Danae Gaines Acker Says Tri-County Degree Had Biggest Influence on Her Both Personally and Professionally
CONTACT: LISA GARRETT, firstname.lastname@example.org
FOR IMMEDIATE RELEASE 10/18/2018
(By Lisa Garrett)
ANDERSON --- When talking about college and career readiness to her students at Robert Anderson Middle School, Danae Gaines Acker reflects on her educational and professional journey -- to emphasize how varied experiences can lead to continuous learning.
“All of my experiences led me to the classroom,” said Acker, a 2007 Tri-County Technical College Media Arts Production graduate who teaches Technology to sixth, seventh and eighth graders.
From the time she was their age, she wanted to be a dance teacher. After graduating from Belton-Honea Path High School, she went to Columbia College on a partial scholarship and majored in education with a dance emphasis. “Dance had been a big part of my life but my freshman year I realized I didn’t want to make a career of it,” said Acker.
While contemplating her choices, she remembered John Woodson (Media Arts Production Program Director) coming to her video production class at the Anderson Career Center 1 and 2 and giving a presentation about the varied careers in multimedia.
“He talked about the professors who were also professionals in their field. That stuck with me,” she remembers. She moved home and enrolled in the Media Arts Production program the next semester and immersed herself in student life by serving as a student ambassador, president of the Minority Student Association, a member of the Alpha Zeta Beta honor society and singing the National Anthem at College events.
“I took advantage of everything Tri-County had to offer. Thanks to mentors, she says, “I also discovered leadership qualities I didn’t know I had. I learned things inside and outside the classroom. Tri-County changed my life.”
After graduating, she worked as the marketing assistant for Haywood Mall and later enrolled in Strayer University’s business administration/marketing program. After earning her bachelor’s degree, she worked at Brown Mackie College as assistant director of admissions.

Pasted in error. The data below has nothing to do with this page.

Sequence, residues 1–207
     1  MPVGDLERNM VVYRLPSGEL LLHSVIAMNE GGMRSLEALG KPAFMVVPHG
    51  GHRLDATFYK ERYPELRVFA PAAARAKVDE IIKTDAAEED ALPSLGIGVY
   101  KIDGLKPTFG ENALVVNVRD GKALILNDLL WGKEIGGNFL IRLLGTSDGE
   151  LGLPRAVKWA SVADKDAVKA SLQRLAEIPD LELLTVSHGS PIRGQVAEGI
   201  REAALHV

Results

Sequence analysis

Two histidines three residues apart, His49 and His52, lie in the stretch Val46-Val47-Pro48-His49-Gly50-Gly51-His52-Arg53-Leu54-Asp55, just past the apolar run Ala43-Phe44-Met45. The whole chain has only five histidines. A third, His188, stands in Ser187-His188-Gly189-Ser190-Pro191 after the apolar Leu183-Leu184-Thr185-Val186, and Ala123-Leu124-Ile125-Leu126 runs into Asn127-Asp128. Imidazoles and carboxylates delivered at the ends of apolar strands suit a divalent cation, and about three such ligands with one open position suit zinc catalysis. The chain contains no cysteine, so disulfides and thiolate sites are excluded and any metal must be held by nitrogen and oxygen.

Several years passed and she took a break to get married and start her family. She decided re-visit her desire to teach and entered the PACE program, or the Program of Alternative Certification for Educators, established to enable degreed individuals, who otherwise do not meet certification requirements, to gain employment in the public schools in a PACE-approved subject area teaching position.
For the past three years she has been a Technology teacher at Robert Anderson Middle School. She also teaches yearbook and journalism classes, drawing on her Tri-County experience in the MAP program. “We create the yearbook, newscasts and interviews and post them on our website,” she said.
A master’s degree always was her goal after high school -- last year she began pursuing a master of education in Instructional Technology at Strayer University.
But she says the Tri-County degree had the biggest influence on her both personally and professionally.
“I proudly display my Tri-County diploma in my College Corner in my classroom,” Acker said. “I can change the face of education in my classroom by telling my own story. We spend a lot of time on reflection in class. I’ve talked to my students about my career changes. They like that. It makes me relatable. I’m honest and open with them. Sometimes you have a plan and it doesn’t work. And that’s okay. It’s what you do afterward that matters.”